16. 16. That’s the message of Montferrand, and that was also the message of President Sarkozy in a recentStrasbourg speech. True, a “Travail, Famille, Patrie” rhetoric, however justified it may be in presentcircumstances, is rather risky when you are a self-proclaimed Gaullist, have presidential elections in fivemonths, are low in the polls, and your opposition (both left and right) is accusing you of having concededtoo much already.But Sarkozy’s concessions to Merkel so far have been in fact largely tactical, and mostly reversible. Hismain priority in the short-term is to get Merkel to agree to make the ECB the lender of the last resort (likethe U.S. Federal Reserve). He might well succeed, if only because the markets are now turning againstGermany itself and, once they start scrutinizing the German books, they may find out that, as theeconomic journal Handelsblatt pointed out in September, Germany’s real debt is actually more than twicethe size of the official debt. For short-term tactical reasons, Sarkozy might even agree in principle in thecoming months with the idea of amending the Treaties; in the long-term, though, the end result willprobably not be significantly different from what they have been during Germany’s two previous attempts.Though ostensibly written for a French audience, Montferrand’s book is also an indirect reply to theGuerot Manifesto, written in the best diplomatic (read: “coded”) tradition. In that respect, two “messages”are worth mentioning:1) While today as twenty years ago, France remains open to the idea of intergovernmental, variable-geometry, “enhanced cooperation” scheme in whatever domain, France remains as opposed as ever to theidea of a federal union (at 27 or 17). In short, between the British idea of “network” and the French idea of“maillage” (through enhanced cooperation), there is only a difference of degree; between these two andthe German idea of a “core,” there is a difference in kind. Germany is after supranational political union,which would require revising the EU treaties; France and Britain would be happy with intergovernmentalenhanced cooperation, which would not require a revision. While German’s minimal objective is a two-speed federal Europe, France and Britain, by contrast, are in favor of a multi-speed confederal Europe (theonly significant source of friction between France and Britain appears to be the so-called Tobin tax,supported by both Paris and Berlin, and to which London is perhaps too dogmatically opposed ).[34]2) While there are plenty of foreign issues on which greater cooperation between France and Germany ispossible, they apparently don’t include Russia and China since, on these issues, Montferrand is either non-committal or conspicuously silent. What the French diplomat goes out of his way to demonstrate, though,is that the possibility, raised by Ulrike Guerot, of a “non-aligned Germany” is simply not realistic. End ofthat discussion.Ever since German reunification, France has tried to co-lead EU domestic affairs with Germany and co-lead EU foreign affairs with Britain. But the game is becoming harder to play for three reasons: 1) theeuro is no longer what hides, but what reveals, German strength and French weakness; 2) Germany andBritain are on a collision course, and Germany and Russia are on a collusion course; 3) Sarkozy has toplay on a three dimensional chessboard (the global markets, Germany, and French public opinion)with three increasingly diverging operational tempos.In contrast to the time of the two previous German power plays, there is one genuine new development:France no longer seems to believe in the possibility of turning the current Europe-Espace into anEurope-Puissance. The French will no doubt continue to pay lip service to the idea of a European defense,but mostly in order to protect the defense industrial base of Europe.France is a half-continental, half-maritime, power and, for centuries, its foreign policy has oscillated(often a contretemps) between Europe and the High Seas. When the colonial French Union unraveled in1958-1962, French elites began to single-mindedly focus on a future European Union as a substitute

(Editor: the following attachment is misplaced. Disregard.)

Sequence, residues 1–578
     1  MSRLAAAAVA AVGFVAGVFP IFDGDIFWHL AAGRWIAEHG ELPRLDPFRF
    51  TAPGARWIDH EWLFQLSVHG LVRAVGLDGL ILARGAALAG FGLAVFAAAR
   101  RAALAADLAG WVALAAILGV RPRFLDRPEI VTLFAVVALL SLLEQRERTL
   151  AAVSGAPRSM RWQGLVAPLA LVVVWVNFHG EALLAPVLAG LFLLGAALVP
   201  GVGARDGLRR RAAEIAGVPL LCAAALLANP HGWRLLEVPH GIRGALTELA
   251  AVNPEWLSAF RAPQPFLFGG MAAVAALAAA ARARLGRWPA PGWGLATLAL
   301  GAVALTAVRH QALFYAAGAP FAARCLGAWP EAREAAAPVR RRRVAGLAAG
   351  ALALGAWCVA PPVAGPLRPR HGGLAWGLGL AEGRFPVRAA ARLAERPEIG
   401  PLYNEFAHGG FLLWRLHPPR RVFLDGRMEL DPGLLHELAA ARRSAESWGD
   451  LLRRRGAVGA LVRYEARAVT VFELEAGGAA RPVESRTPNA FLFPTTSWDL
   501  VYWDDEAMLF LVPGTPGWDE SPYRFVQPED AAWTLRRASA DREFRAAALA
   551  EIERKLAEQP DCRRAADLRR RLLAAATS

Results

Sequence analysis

17. 17. “force multiplier.” With the unexpected reunification of Germany, the dream of turning Europe into aGreater France came crashing down in 1989. For the past twenty years, France has often looked like acountry that had “lost an empire and not yet found a role” (to paraphrase Dean Acheson on post-WWIIBritain). There are signs now that a fifty-year long continental cycle of French foreign policy is coming toan end, and that the French are turning their gaze towards the High Seas once again.Part of this rebalancing has of course to do with the fact that Europe has become a Greater Germany. Themore Berlin flexes its geo-economic muscles on the continent, the more Paris tries to compensate byshowing a renewed activism on the global geopolitical front. But part of it has also to do with the growingFrench realization (left and right) that the geopolitical future could well pit the Rest against the West, andthat, within this “Defense of the West” paradigm, France has more in common with les Anglo-Saxons thanwith the rest of Europe. It is therefore no coincidence if France reintegrated NATO in 2008 and enteredinto a major military partnership with Britain in 2010.At the core of France’s grand strategy today, there is first and foremost the P-3 (US, UK, France) at theglobal level.[35] Ideally, Paris would not mind supplementing it at the regional level with a G-3 (France-Germany-Russia) – if only to prevent the rise of a German-Russian condominium over Eurasia. But Berlinis adamantly opposed to turning the existing German-Russian tete-a-tete into a ménage a trois. Lastly, theFrench remain open to the possibility of turning the existing French-British entente cordiale into an EU-3(Germany, France, Britain), but not on German terms, as Montferrand’s book makes it clear.“Too Big for Europe, Too Small for the World”?Far from solving anything, the reunification of Germany in 1989 has re-opened the German Question. Inspite of all the attempts in the past twenty years to create a “European Germany,” the old continent hasnever been more a “German Europe” than today. As Ulrike Guerot rightly puts it: “European “normality”was based to a large extent on West German “abnormality”. Now that the reunified Germany is becomingmore “normal”, it is undermining European “normality.”As early as 1997, U.S. economist Martin Feldstein had warned that, far from being the solution, EuropeanMonetary Integration (EMU) would only aggravate conflicts both within Europe and between Europe andAmerica.[36] Is it Germany’s curse to be “too big for Europe, too small for the world,” as the old sayinggoes? Is it really a systemic problem, or only a statecraft problem? Surely, there’s got to be a wayGermany can find its well-deserved “place under the sun” without wrecking everything in the process. Atany rate, it is time for Washington to step in and remind Berlin that regional coercive diplomacy is onething, global financial brinkmanship, quite another.Copyright Tony Corn 2011[1] Anatole Kaletsky, "Germany has declared war on the eurozone", The Times, November 23, 2011, “; “Is this reallythe end?,” The Economist, November 26, 2011,[2] On the evolution of the Berlin Republic’s relations with France and the U.S., see Julius W. Friend,Unequal Partners: French-German Relations, 1989-2000, Praeger, 2001, and Stephen F. Szabo, PartingWays: the Crisis in German-American Relations, Brookings, 2004).[3] Bruce Stokes, “The European Debt Crisis: Strategic Implications for the Transatlantic Alliance,” U.S.